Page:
In a recent response to my essay, “Lady Edith and Abortion Rights,” my friend and colleague Marguerite Spencer has challenged both my literary character analysis of Lady Edith—from the television show Downton Abbey—and my staunchly pro-life stance against abortions committed for purely social reasons. I leave to fans of Downton the question of whether the Lady Edith character is a self-focused privileged brat or a compassionate tragic heroine (or perhaps some of both). Reasonable people certainly can differ on such matters! I also leave to readers’ judgment whether Spencer has fairly characterized my position.
In this essay, I would like to advance the discussion, first, by pointing out one area of enthusiastic agreement with Spencer, and then by highlighting one point of subtle but important disagreement. I wholeheartedly agree that men are responsible for abortion, every bit as much as—and sometimes more than—the women who abort. Indeed, in this salient observation lies an added critique of our constitutionalized abortion-rights regime. Roe v. Wade encourages male abdication, irresponsibility, and even sexual predation.
But I disagree with a paradigm that focuses chiefly on considerations of blame, guilt, responsibility, or sin with respect to abortion—that looks to the reasons, justifications, and rationalizations for having an abortion that kills an unborn child. Of course, circumstances do matter: some abortions are tragically justified by life-saving necessity, and people of good faith disagree as to how far such necessity reaches. Still, I believe that this should not be the starting point or emphasis of the inquiry.
Rather, I submit that the focus of the pro-life position should always be, insistently, on the life of the unborn living human being killed by abortion. Abortion is not primarily about the morality of men and women’s conduct, with the human fetus the almost incidental object of adults’ moral dilemmas. Quite the reverse: abortion is about the life of the unborn human child being killed. The child is the subject of the story, not the object. That central fact should frame all discussion of abortion.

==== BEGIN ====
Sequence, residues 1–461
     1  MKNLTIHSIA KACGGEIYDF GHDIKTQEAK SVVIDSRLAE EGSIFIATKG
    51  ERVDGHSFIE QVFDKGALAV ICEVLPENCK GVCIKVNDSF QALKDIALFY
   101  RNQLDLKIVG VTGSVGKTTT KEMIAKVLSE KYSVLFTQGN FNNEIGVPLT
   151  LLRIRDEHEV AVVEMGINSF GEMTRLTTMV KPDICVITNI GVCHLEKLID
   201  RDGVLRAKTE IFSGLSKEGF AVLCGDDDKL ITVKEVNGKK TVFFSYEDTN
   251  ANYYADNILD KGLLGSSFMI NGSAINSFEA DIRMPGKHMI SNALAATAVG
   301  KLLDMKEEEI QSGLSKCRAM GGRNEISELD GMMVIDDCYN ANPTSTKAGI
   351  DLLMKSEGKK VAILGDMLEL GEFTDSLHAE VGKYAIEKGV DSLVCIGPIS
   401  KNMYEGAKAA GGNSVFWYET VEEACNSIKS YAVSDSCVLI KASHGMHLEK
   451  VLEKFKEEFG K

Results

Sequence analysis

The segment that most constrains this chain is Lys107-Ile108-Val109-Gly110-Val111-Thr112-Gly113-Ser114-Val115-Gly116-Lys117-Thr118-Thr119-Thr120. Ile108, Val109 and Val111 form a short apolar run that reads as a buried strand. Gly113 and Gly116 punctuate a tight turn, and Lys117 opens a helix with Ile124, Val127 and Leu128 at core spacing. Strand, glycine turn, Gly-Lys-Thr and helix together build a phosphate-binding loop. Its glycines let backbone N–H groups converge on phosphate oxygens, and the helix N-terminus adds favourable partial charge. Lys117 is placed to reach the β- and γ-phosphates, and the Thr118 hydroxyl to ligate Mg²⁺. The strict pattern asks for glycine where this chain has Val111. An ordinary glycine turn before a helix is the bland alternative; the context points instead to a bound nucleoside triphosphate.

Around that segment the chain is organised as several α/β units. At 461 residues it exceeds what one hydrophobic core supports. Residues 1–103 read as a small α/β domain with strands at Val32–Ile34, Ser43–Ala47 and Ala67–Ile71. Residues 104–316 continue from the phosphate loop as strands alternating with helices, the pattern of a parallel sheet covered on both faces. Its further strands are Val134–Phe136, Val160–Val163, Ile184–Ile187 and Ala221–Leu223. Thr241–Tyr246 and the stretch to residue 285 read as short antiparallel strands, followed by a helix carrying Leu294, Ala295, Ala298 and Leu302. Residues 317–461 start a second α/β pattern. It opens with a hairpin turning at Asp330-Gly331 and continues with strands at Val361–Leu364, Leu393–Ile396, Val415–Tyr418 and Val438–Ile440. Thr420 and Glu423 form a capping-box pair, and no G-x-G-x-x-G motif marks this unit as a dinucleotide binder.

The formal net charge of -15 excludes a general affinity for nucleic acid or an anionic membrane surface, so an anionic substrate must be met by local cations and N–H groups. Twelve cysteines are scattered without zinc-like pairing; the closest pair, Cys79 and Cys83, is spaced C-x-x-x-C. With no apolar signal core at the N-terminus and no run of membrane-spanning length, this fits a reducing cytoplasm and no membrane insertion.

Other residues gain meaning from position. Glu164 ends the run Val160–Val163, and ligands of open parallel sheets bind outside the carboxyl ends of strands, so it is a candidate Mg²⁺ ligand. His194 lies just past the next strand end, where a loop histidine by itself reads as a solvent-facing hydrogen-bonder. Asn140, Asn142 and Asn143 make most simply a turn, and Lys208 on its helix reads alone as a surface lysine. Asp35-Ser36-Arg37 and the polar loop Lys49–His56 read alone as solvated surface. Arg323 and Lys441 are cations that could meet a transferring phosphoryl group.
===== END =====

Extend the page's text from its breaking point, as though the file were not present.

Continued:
Men and Abortion
First, the point of common ground: Men are deeply responsible for the tragedy of abortion. I had hoped that this point would come through in my original piece. I remarked that men, symbolized by the nowhere-to-be-found Michael, are often absent in crisis pregnancy situations, leaving women abandoned and alone. But perhaps I made the point too subtly or obliquely.
Let me make it directly and unequivocally. Men, the fathers of unborn children, are, every bit as much as pregnant mothers and often much more so, the responsible—and sometimes quite irresponsible—moral actors in abortion. The accounts are legion of men pressuring, threatening, intimidating, and abusing wives and girlfriends into killing their unborn children. Even more frequently, men are absent, indifferent, or cavalier. Pregnancy is, in the man’s judgment, the woman’s problem, not his.
This stinks. But it may be constructive to think about the reasons for this phenomenon and search for a corrective. In part, male moral detachment is a function of biology. Men do not get pregnant. They are, literally, not attached to the unborn child. Men can physically walk away from the pregnancy. Because they can, they do.
In part, however, male detachment is a function of sociology and moral conditioning, or lack of it. Men—some of them at least—feel as if biological reality frees them of social responsibility. That instinct can be either reinforced or refuted by social conditioning. How society structures men’s social (and legal) responsibilities affects men’s expectations and behavior. If part of being a man, within a society, is the expectation of being a responsible father, that will affect how men act. And the reverse is true: no expectations, no responsibility.